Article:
There’s not many that like to talk about money, simply because people will think that you’re greedy if you ask for more than you’re already getting. The same goes when Mathias "MSL" Lauridsen tweeted
about the fact that the level of prize money being paid out at the bigger CS:GO events has stagnated. Reading his tweet, I immediately had to check it out and sure enough, it turned out to be true. With one exception, ESL Pro League.
ESL Pro League is commonly regarded as the highest ranking league in CS:GO and has most of the world's top teams, competing for a grand total of USD 1,000,000 per season, up from USD 750,000 during the two seasons that ran during 2016. This means that ESL has increased the prize money for their top-tier league by an impressive 33 percent for 2017. But that’s about it. One of the other major leagues, Esports Championship Series (ECS), has instead decreased the total amount of prize money that’s being paid out during every single season. We do, however, need to remember that teams participating in the league get a cut from the revenue. Or at least that’s how it was announced back when the league was instituted.
Switching focus, looking at the major LAN events of 2017, there’s not really any increase at all in prize money. The largest prize pools still come from the two Valve sponsored Major tournaments that we’ve seen. We did also have the first installment of WESG, with a total of USD 1,500,000, but that’s another story. ESL One events, Dreamhack Open and the new additions are all still at 2016 levels when it comes to their prize pools.
The Steam statistics isn't flattering
Is this really such a big deal? Well, yeah, it kind of is. The stagnation when it comes to prize money might be a first indication that our beloved CS:GO is on the decline. There are some other indications as well such as Steam statistics and the struggling Swedish scene, which has parallels to the end of CS 1.6, but that’s another story.
CS:GO turned five earlier this fall, half the life-span of the previous installment of the game (1.6) that survived for ten years before ending up in the gutter. But things change, and so does the lifespan of esport titles. At least to some extent. We have never seen as many different titles being used as we do today, with all of them competing for pretty much the same financial support to build up their scenes. Counter-Strike has had a unique position within esports, due to the lack of other FPS titles that could compete with the game in popularity. Now? Well, now it’s a whole other situation. There are games like Overwatch and Paladins, but the one having the most impact today is undoubtedly PUBG - stealing away most of the casual players from CS:GO.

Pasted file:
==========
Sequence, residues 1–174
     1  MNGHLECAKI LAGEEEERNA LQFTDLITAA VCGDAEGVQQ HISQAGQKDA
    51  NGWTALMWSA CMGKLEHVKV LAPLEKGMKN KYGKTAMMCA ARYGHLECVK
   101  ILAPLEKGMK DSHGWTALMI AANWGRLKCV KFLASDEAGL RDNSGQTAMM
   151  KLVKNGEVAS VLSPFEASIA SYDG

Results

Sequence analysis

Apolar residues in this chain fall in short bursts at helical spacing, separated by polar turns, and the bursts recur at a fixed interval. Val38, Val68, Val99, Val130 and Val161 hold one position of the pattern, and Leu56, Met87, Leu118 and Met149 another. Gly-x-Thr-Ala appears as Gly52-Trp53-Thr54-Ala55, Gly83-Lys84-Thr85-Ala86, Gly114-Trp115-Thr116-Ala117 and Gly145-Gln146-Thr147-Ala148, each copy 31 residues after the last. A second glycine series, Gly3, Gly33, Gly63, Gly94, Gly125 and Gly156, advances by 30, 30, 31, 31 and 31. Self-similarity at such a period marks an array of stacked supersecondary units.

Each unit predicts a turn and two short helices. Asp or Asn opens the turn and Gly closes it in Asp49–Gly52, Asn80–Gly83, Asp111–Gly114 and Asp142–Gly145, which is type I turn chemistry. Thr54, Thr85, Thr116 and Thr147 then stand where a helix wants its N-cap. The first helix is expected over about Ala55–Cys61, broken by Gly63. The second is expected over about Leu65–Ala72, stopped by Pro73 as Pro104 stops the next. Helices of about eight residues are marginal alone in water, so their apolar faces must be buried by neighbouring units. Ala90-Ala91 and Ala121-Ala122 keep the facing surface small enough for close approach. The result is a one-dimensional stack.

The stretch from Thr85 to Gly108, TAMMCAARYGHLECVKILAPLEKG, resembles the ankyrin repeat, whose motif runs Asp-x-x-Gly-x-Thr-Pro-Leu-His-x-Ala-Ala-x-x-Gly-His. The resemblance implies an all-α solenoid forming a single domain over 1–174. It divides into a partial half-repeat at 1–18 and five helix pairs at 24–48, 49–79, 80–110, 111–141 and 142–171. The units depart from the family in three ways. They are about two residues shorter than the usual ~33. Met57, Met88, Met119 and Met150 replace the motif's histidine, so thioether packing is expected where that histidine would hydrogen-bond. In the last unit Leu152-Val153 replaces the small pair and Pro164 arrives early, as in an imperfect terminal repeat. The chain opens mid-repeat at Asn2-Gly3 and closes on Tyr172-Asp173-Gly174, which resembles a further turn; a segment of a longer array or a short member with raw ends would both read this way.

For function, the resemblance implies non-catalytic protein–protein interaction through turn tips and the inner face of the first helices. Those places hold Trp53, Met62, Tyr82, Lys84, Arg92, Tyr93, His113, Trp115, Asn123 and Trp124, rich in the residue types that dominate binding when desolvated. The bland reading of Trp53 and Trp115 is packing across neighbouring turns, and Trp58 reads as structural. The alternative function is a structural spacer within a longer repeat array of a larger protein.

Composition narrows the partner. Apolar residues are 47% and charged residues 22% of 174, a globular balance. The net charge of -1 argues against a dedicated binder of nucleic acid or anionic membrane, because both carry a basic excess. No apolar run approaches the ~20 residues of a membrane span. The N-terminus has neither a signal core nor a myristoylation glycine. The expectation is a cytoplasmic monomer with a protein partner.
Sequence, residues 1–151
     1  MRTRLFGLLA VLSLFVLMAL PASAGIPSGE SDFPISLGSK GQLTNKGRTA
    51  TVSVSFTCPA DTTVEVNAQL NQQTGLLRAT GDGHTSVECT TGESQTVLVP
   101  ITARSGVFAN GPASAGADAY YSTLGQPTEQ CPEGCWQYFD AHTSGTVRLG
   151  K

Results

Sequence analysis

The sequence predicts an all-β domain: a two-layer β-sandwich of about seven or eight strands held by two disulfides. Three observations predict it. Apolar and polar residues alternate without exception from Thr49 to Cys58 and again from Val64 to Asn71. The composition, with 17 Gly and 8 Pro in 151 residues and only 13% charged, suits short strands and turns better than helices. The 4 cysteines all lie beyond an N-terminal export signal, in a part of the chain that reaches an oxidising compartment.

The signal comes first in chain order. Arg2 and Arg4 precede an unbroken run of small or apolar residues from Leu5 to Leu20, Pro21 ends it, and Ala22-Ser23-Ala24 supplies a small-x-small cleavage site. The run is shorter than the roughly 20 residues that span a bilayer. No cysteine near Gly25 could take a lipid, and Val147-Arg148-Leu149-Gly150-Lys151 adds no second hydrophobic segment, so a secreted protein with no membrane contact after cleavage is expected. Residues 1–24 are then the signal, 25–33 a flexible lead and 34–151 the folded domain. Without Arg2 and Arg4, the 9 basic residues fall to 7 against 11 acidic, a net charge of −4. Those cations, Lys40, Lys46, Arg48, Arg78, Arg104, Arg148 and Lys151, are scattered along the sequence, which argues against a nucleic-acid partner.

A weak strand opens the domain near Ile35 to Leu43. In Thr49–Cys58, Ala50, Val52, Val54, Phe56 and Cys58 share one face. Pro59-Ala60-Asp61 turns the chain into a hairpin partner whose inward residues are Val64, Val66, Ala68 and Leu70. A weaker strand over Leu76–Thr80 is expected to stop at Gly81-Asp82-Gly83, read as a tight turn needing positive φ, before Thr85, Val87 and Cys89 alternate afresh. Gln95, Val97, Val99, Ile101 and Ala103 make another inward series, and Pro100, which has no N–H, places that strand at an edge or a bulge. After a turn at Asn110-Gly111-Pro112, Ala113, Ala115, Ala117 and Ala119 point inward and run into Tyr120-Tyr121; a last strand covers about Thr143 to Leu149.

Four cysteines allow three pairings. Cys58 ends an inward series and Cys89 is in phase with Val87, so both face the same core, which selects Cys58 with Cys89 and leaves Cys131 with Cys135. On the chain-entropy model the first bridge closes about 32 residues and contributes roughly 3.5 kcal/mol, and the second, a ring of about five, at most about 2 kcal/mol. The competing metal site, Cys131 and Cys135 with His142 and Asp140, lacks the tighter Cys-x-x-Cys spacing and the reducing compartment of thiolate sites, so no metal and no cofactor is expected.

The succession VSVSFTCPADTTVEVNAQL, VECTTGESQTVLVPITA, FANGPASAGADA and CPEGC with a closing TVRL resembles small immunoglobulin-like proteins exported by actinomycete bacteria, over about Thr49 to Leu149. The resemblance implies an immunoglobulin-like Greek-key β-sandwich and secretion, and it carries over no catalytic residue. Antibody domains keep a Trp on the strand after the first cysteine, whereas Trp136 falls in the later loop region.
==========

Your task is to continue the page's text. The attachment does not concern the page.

How does all of this go together then? Well, it’s pretty simple. If tournament organizers observe a decrease in interest for their tournaments, then it’s only logical that they won’t invest even more to their tournaments. I’m guessing that many of them are looking into how they can use the up and coming titles to further their financial prosperity.
There's always hope
Getting back to MSL’s tweet, I do most certainly understand his question. I simply don’t think that it’s a sign of greed or anything like that. It’s most certainly him showing that he’s worried about the future of the game, and that’s not strange at all. All professional CS:GO players should be worried, because the game that has built their careers and that has become their livelihood might soon be marginalized, forcing some of them to transition to another game - if they still want to make the same money as they are today.
Is there a way to break the stagnation and keep developing the CS:GO scene? Of course, there is, but it’s in many ways dependent on the success of other games. Another thing that could help is an increased regrowth within the CS:GO scene, bringing more new and talented players to the top tiers. However, in the end, most of the future of the esport title lies in the hands of tournament organizers. Because if they were to decrease both the number of events and the prize pools, then they’d also be ordering the future tombstone of CS:GO.
Last, but not least, what could Valve do to stop this saddening development? Probably quite a lot, but I have no such hopes. They might instead be working on a new installment of Counter-Strike, maybe glancing on games like PUBG to bring new game modes into the game. I really don’t know. But I’m pretty sure that they won’t invest any more money into CS:GO Majors, nor other CS:GO tournaments.
Could we hope for an increase in prize money for 2018? Sure we could, there’s always hope, but don’t expect it. Do instead brace yourselves for a decrease, because if the current developments were to continue then we’ll almost certainly be moving towards the end of an amazing era of CS:GO.